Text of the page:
I was immediately suspicious that results from the Gallup survey were skewed by the print and TV media. Mainstream media are late to the social game and totally threatened by the amazing reach of Facebook, Twitter, Instagram, Pinterest and You Tube — now reaching millions and even hundreds of millions–numbers that vastly exceed print media.

They’re also probably very threatened by Facebook advertising, which is much cheaper than print/broadcast, and reaches that oh so desirable Millennial demographic that doesn’t read or watch TV anymore.

Since I live in Facebook stats all day long, I know the truth — one post can reach more people than an article in the New York Times. Sure, Rupert Murdoch and Ted Turner are no doubt losing sleep over that.

Facebook ads, and Yelp, also, can be targeted with laser-like focus on extremely niche local demographics — something print media can’t do quite as well because print is either niche and national or broad and local . Print media and TV are rarely niche and local.

Internet radio still does a lousy job of targeting its ads to any meaningful niche. Local radio still thrives because it’s both targeted and local.

I’ve been doing PR (press relations) since the days when we used fax machines and FedEx — before the Internet existed. Back then, print media was king. Getting an article that reached 100,000 readers in a national print magazine was a big deal. I think some people are still attached to the “prestige” of Print but do not realize that they can actually reach bigger numbers with social media, with far more control over their message.

Print is still very valuable — but now more because it drives traffic to your website and gives you SEO rank in Google.

In the good old days, it was an even bigger deal to end up in a big newspaper like the New York Times and reach 1 million readers. If you got on TV you might (woo hoo) reach an aggregate of 2 million people through multiple TV news stories and a video news release after spending $250,000 on a press conference and a product launch.

Times have changed. Now you can reach just as many people in a few minutes with a single Facebook post or self syndicated blog post — or half a billion with a You Tube video.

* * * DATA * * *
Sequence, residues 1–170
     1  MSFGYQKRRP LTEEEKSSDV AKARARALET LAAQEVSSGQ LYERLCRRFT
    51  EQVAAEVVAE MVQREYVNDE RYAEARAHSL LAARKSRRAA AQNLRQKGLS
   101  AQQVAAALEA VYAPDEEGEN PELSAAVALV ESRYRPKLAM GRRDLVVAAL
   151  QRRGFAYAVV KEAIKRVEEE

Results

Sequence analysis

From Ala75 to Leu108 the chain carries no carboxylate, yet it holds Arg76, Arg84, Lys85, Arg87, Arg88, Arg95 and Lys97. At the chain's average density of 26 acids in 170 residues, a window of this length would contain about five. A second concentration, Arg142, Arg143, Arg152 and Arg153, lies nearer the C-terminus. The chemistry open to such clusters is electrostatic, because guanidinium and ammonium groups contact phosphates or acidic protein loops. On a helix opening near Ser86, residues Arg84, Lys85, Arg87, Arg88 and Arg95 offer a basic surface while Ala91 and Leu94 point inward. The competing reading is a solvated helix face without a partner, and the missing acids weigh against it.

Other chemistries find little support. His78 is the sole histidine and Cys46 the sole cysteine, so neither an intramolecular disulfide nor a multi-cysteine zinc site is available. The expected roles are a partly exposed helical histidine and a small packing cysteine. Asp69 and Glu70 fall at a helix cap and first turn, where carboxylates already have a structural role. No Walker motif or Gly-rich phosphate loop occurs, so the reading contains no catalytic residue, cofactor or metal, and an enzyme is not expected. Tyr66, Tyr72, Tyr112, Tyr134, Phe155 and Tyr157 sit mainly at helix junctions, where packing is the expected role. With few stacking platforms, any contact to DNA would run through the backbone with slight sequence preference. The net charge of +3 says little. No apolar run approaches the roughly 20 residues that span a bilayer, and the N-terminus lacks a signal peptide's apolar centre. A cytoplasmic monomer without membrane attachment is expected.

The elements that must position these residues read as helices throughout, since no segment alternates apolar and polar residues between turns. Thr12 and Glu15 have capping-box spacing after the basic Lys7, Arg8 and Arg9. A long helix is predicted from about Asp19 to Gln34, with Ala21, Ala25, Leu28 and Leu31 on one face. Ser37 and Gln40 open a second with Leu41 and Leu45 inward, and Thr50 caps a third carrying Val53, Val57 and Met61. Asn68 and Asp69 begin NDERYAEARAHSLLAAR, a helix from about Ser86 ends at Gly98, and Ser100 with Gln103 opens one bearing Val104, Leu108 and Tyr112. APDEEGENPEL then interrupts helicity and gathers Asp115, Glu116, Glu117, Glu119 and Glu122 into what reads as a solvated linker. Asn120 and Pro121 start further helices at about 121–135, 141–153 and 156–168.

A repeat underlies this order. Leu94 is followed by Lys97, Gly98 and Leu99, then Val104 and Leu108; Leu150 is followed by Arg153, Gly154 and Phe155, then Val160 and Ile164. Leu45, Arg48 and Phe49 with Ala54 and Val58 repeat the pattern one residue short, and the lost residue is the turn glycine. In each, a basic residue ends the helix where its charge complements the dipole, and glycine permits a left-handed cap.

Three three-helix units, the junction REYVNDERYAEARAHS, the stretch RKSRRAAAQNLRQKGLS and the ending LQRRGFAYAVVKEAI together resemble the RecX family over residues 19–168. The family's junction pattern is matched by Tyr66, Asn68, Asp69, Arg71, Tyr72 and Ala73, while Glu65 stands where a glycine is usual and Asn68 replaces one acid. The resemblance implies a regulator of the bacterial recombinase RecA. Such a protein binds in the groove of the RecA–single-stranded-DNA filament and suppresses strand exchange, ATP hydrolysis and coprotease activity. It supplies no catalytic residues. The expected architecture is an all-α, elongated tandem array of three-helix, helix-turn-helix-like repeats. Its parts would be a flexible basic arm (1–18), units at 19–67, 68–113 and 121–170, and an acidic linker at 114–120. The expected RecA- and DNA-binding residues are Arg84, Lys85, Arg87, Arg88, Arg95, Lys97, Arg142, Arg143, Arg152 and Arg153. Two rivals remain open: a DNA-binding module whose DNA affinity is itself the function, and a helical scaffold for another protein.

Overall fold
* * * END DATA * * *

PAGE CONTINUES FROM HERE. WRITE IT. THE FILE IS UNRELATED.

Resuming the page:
PR IS DEAD — LONG LIVE SOCIAL MEDIA?

I’ve been saying “PR is dead,  long live Social PR” for a few years now. I was a little ahead of the curve. I was also sitting around listening to the phone not ring from PR clients, and watching stories not appear in publications that were disappearing, so I was ahead of the curve and got into social media.

Now it’s clear that shift has happened.

Social media is not optional anymore. If you’re not leveraging social media to amplify your message, it’s as if you don’t exist.

Social media is now the front line of most successful marketing programs. Social media is where you distribute your message first — and later it’s picked up by the news media.

(The exception is if you are a publicly-traded company. If so, then SEC regulations require that you announce news on the newswire first, and your key media are pre-briefed under a non disclosure agreement.)

Traditional PR is still very important, but it serves a different role now–in tandem with social media. After your story appears in the news media, they use their larger networks to “syndicate” your message to their networks. You then in turn amplify the message further by syndicating their content on your networks.

Articles and reviews in mainstream media also provide credibility and great content for your website and social media to leverage, and they will boost your search rank (SEO) in Google forever.

WITH SOCIAL MEDIA, YOU MAKE YOUR OWN NEWS

Social media is the “information hub” of your marketing wheel — and your personal social networks at the “hub” that links to other social networks and communities worldwide. The press and publications are some of those networks–but no longer the primary one.

In the old days, you sent press releases to actual members of the press for distribution. Newswires were only available to the press.

Nowadays, you are the press and you syndicate your news over social media, in addition to the press. A press release on the wire now reaches everyone on the planet at once.

Here’s an example of the reach a press release typically gets now on the Internet. As days go by, this number increases, infinitely, and many of these impressions remain on the web forever.  A press release mentioning a company traded on NYSE or NASDAQ would get much more impressions — this was what I got for a small business — 32,000 in two days. This doesn’t include the amplification from self syndicating this story on the client’s social networks. It would be difficult for a small business to get out the word that fast with traditional media.

Example of the traffic generate in two days from a well written, key word tagged press release.

Example of the traffic generate in two days from a well written, key word tagged press release for a small business.

 

 

 

 

 

 

 

 

 

SOCIAL MEDIA CONNECTS COMMUNITIES GLOBALLY